The point of carpooling is to save some gas money while reducing traffic congestion and air pollution, but in Virginia, taxpayers could be on the hook when commuters try to do just that.
The Australian company Transurban recently teamed up with a construction firm to build new express toll lanes in a congested part of the Washington, DC-area beltway. Under a 40-year contract with Virginia, the state must reimburse the private companies up to 70 percent of toll revenues lost when the number of carpoolers in the express lanes exceeds 24 percent of the total traffic, making taxpayers foot the bill when carpooling cuts into contractor revenues.
It's unclear if the carpooling rate will ever hit that mark. But whether they like it or not, Virginia taxpayers are stuck with the toll reimbursement deal for the next four decades, or until the firms post $100 million profit, according to In The Public Interest (ITPI), a policy group that examines government contracting. Voters can't vote the consortium of private companies out of public service if carpooling becomes popular.
The Virginia carpooling toll deal is just one example on a list of "failures" that illustrate the problems that can arise when cash-strapped governments outsource public services to private companies that put profit before the public interest, according to a recent ITPI report.
Perhaps the most alarming outsourcing nightmare is the CityTime scandal in New York City. In 1998, the New York City contracted Science Applications International Corporation to modernize the payroll system that tracks the hours clocked by city workers. The project, known as CityTime, initially was projected to cost $63 million. But by 2010, the city had spent $700 million on the project.
New York City Comptroller John Lui, a Democrat who recently lost a bid for mayor amid a fundraising scandal, helped expose broad mismanagement and fraud in the CityTime project in 2010. Lui told reporters last week that the project was supposed to be a simple one if not a complete "boondoggle," but because of mismanagement, lack of oversight of outside consultants, automatic contract extensions and outright fraud, CityTime ended being the most expensive outsourcing disaster in New York City history.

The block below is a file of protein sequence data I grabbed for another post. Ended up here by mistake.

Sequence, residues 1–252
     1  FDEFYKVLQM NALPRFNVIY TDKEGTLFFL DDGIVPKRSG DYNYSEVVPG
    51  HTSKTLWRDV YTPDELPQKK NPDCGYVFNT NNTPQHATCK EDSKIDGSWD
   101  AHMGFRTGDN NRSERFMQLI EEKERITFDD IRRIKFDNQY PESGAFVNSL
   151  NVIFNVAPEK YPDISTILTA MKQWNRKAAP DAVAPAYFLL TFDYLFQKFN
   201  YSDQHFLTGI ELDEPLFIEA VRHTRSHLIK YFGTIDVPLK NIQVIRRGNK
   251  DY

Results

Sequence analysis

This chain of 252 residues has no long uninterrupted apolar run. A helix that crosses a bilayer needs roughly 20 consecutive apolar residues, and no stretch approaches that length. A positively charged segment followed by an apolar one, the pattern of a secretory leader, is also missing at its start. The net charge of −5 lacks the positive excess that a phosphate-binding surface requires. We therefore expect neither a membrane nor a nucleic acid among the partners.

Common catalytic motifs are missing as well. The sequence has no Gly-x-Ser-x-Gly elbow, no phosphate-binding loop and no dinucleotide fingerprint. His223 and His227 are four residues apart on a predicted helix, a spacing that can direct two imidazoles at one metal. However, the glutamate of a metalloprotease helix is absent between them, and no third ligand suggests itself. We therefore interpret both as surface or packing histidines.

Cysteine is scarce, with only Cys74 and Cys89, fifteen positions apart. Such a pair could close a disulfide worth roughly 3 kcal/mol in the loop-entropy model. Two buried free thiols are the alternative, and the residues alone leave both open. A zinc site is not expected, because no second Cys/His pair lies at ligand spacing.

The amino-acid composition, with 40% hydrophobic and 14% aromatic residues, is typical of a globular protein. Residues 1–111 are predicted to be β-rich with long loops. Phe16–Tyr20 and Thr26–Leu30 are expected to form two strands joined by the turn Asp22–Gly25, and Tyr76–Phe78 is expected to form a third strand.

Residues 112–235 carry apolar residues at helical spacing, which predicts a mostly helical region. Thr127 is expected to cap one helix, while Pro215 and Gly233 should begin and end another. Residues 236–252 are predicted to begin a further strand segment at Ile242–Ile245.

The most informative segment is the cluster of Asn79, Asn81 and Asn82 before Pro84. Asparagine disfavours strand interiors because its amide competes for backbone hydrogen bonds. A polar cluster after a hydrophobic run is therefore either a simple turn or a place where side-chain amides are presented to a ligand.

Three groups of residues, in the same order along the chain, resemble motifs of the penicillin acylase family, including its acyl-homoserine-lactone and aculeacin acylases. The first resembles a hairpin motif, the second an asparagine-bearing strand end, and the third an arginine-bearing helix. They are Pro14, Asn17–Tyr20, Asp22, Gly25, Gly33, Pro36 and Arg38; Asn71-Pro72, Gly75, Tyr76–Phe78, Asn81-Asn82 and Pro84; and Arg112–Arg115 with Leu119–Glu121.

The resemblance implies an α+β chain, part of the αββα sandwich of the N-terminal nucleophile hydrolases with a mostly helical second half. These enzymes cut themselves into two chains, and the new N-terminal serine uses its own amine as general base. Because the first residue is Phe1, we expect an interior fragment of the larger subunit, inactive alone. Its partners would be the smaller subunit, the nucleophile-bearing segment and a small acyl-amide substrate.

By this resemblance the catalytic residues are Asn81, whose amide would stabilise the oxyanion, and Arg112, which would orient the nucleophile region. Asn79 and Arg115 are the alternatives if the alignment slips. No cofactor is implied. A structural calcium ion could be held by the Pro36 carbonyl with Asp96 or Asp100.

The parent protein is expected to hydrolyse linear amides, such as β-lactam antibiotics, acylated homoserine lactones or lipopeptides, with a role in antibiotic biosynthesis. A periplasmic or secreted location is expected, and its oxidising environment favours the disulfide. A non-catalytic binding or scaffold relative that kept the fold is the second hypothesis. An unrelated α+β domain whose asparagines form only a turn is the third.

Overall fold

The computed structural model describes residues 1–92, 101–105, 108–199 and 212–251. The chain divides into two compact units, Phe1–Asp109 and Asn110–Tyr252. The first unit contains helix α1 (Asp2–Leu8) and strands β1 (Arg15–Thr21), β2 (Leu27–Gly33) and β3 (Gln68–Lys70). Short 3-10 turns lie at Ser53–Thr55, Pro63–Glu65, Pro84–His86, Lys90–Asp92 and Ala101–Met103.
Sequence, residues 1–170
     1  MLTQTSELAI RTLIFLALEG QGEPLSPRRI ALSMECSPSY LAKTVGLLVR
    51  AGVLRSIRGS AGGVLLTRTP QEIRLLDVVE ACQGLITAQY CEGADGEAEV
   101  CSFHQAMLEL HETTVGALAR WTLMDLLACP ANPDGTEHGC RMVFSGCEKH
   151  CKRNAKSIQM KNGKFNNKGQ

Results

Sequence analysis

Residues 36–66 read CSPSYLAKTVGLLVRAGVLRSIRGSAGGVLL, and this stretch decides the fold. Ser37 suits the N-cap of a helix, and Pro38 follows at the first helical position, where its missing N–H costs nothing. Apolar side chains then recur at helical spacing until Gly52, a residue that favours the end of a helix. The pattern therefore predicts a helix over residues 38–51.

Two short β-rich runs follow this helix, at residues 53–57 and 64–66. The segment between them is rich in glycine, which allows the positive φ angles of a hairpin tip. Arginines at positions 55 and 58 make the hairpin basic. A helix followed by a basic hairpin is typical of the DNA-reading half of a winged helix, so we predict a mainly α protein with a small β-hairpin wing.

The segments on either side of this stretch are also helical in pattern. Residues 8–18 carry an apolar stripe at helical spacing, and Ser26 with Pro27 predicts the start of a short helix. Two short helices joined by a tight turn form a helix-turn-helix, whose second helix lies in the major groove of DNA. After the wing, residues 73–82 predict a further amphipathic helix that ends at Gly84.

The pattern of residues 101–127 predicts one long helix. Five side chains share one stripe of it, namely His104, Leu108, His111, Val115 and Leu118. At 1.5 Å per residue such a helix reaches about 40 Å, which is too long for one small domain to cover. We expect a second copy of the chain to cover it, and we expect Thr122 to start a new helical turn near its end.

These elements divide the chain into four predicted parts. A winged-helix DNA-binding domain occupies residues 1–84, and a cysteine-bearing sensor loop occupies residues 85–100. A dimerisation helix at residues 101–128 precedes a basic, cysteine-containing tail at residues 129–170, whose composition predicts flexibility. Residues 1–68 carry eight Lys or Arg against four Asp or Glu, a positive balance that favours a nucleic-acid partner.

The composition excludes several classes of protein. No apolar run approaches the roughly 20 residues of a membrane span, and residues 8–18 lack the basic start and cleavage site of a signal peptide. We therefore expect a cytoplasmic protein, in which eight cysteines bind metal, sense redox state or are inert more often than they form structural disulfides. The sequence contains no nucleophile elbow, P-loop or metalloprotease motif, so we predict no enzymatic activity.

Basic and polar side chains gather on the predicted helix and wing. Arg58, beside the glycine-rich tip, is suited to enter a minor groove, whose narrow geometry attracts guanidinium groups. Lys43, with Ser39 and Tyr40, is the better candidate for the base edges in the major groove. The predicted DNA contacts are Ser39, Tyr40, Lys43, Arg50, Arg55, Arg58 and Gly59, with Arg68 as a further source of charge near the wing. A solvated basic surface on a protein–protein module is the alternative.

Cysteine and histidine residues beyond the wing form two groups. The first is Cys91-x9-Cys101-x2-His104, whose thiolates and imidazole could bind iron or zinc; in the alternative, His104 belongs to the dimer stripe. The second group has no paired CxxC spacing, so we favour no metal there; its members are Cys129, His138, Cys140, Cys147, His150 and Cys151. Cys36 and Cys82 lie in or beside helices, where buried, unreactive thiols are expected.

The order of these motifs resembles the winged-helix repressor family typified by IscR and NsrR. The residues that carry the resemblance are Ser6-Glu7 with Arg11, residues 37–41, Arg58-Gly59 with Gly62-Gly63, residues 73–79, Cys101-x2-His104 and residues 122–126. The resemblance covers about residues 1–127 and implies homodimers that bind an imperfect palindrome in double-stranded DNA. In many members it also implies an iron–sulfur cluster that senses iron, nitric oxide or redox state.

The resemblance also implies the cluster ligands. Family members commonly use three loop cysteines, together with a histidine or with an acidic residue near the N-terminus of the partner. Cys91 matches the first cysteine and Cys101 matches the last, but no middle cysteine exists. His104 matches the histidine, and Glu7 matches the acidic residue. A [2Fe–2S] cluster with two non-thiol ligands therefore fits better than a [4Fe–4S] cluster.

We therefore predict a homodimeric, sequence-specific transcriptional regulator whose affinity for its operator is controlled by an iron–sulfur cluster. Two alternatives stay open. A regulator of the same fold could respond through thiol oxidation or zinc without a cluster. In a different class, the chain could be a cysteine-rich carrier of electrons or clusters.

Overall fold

"The breadth and depth of what can go wrong when we hand over public services to for-profit corporations is staggering," Lui told re porters last week.
Last year, Science Applications International Corporation, a defense contractor, agreed to pay $500 million back to the city to avoid federal prosecution, and eight people have been convicted in the CityTime scandal, including three computer programmers who were found guilty of defrauding the city of millions of dollars in November 2013.
"It's hard to argue against transparency. It’s hard to argue against managing a contract well," said ITPI Executive Director Donald Cohen, who told reporters his organization does not oppose outsourcing but pushes policies that would ensure that contracting and public services management is done well.
ITPI's recent report, "Out of Control: The Coast-to-Coast Failures of Outsourcing Public Services to For-Profit Corporations," details outsourcing failures that undermine transparency, accountability, "shared prosperity" and competition in the sphere of public services. Here are some highlights:
- In 2006, Indiana signed a lucrative contract with IBM to manage the state's food stamp and Medicaid eligibility screenings. Thousands of low-income and elderly residents were dropped from the public service systems erroneously, including an Evansville man who died of heart problems in 2009, more than a year after being denied Medicaid benefits. His wife told Indiana lawmakers that he was denied Medicaid after repeatedly mailing in information requested by IBM. In another story that received media hype, a nun fighting cancer lost benefits after failing to call an eligibility hotline while being treated for congestive heart failure in the hospital. She tried several times to reschedule without success. In 2009, Indiana tried to end its working relationship with IBM amid the controversy, but a costly court battle over the contract continues today.
- An estimated 80 percent of the 5.4 million people working for federal contractors in 2008 earned less than a living wage for their city or region. Low-wage workers often rely on public assistance such as food stamps to make ends meet.
- A consortium of private companies holds a 99-year contract over a toll road in Denver. In 2008, the consortium objected to planned improvements for a free local road near the parkway, arguing that the contract prevents the city from maintaining roads that "might hurt the parkway financially" by providing an alternative route around the tolls.
- As Truthout has pointed out in the past, private jail and prison contracts often include "occupancy quotas" that require state and local governments to maintain high occupancy levels in facilities or pay fees for empty beds. A recent report by ITPI found that 65 percent of for-profit state and local prison contracts include such quotas. Such contracts run counter to many states' goals of reducing prison population and increasing inmate rehabilitation.